Onset and remodeling of coronal imbalance after selective posterior thoracic fusion for Lenke 1C and 2C adolescent idiopathic scoliosis (a pilot study)
Scoliosis and Spinal Disorders volume 12, Article number: 16 (2017)
Postoperative coronal imbalance is a significant problem after selective thoracic fusion for primary thoracic and compensatory lumbar curves in adolescent idiopathic scoliosis (AIS). However, longitudinal studies on postoperative behavior of coronal balance are lacking. This multicenter retrospective study was conducted to analyze factors related to onset and remodeling of postoperative coronal imbalance after posterior thoracic fusion for Lenke 1C and 2C AIS.
Twenty-one Lenke 1C or 2C AIS patients, who underwent posterior thoracic fusion ending at L3 or above, were included with a minimum 2-year follow-up. The mean patients’ age was 15.1 years at the time of surgery. Radiographic measurements were performed on Cobb angles of the main thoracic (MT) and thoracolumbar/lumbar (TLL) curves and coronal balance. Factors related to the onset of immediately postoperative coronal decompensation (IPCD) and postoperative coronal balance remodeling (PCBR), defined as an improvement of coronal balance during postoperative follow-up, were investigated using comparative and correlation analyses.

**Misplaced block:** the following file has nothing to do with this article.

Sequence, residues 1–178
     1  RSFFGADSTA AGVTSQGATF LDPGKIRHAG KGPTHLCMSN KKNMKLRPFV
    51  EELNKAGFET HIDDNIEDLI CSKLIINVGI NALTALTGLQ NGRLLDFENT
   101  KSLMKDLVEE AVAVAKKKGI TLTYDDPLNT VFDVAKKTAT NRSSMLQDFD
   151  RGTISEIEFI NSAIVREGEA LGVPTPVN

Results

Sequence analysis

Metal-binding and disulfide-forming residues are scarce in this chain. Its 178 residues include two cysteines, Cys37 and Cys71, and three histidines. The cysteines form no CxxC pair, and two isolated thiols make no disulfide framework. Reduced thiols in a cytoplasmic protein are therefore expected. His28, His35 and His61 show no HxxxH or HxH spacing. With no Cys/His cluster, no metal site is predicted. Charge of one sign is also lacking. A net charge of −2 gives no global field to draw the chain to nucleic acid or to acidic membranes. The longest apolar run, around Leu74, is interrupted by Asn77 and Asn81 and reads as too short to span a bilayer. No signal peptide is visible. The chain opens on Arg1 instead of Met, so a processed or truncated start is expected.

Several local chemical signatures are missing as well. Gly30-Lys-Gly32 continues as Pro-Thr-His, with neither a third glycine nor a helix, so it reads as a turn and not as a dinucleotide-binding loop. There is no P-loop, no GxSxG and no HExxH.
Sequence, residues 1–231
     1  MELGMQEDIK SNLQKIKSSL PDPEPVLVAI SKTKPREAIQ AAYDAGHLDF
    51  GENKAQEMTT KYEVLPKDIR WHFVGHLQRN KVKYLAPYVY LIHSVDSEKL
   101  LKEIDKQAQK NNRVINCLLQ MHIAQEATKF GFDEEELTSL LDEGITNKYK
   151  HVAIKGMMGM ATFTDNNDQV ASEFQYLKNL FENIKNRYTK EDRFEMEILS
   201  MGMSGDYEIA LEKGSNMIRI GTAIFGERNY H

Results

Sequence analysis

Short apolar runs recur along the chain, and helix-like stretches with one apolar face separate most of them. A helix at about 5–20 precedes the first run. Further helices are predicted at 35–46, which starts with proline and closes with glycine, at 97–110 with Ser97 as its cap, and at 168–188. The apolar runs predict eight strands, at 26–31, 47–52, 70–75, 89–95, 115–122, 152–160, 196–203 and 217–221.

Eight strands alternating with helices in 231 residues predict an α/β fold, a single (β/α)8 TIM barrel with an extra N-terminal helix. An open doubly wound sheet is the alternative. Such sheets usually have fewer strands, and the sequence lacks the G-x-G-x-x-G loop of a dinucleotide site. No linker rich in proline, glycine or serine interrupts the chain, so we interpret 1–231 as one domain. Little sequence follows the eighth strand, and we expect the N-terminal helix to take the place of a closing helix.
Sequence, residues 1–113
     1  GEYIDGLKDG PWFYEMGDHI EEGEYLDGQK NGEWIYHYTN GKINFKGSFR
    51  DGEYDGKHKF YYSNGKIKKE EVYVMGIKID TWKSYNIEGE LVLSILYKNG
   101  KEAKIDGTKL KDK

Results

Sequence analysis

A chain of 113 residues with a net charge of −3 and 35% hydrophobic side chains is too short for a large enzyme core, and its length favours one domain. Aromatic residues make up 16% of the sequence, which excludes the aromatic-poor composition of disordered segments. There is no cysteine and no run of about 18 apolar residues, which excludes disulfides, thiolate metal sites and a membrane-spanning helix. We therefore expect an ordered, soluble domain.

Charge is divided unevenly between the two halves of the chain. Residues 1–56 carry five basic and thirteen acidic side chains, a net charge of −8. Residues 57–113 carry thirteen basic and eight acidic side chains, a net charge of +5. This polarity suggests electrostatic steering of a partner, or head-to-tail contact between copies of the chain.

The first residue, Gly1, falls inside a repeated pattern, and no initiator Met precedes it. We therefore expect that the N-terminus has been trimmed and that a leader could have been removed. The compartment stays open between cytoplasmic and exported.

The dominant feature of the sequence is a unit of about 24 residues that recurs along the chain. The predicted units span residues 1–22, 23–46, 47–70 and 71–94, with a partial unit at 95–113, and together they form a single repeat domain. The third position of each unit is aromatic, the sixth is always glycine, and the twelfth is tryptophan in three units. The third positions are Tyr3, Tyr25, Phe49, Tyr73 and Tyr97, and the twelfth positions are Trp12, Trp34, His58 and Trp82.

Mean Cobb angles for the MT and TLL curves were 57.3° and 42.3° preoperatively and were corrected to 22.8° and 22.5° at final follow-up, respectively. Mean preoperative coronal balance of −3.8 mm got worse to −21.2 mm postoperatively, and regained to −12.0 mm at final follow-up. Coronal decompensation was observed in two patients preoperatively, in ten patients immediately postoperatively, and in three patients at final follow-up. The preoperative coronal balance and lowest instrumented vertebra (LIV) selection relative to stable vertebra (SV) were significantly different between patients with IPCD and those without. PCBR had significantly negative correlation with immediately postoperative coronal balance.
IPCD after posterior thoracic fusion for Lenke 1C and 2C AIS was frequent and associated with preoperative coronal balance and LIV selection. However, most patients with IPCD regained coronal balance through PCBR, which was significantly associated with immediately postoperative coronal balance. A fixation more distal to SV shifted the coronal balance further to the left postoperatively.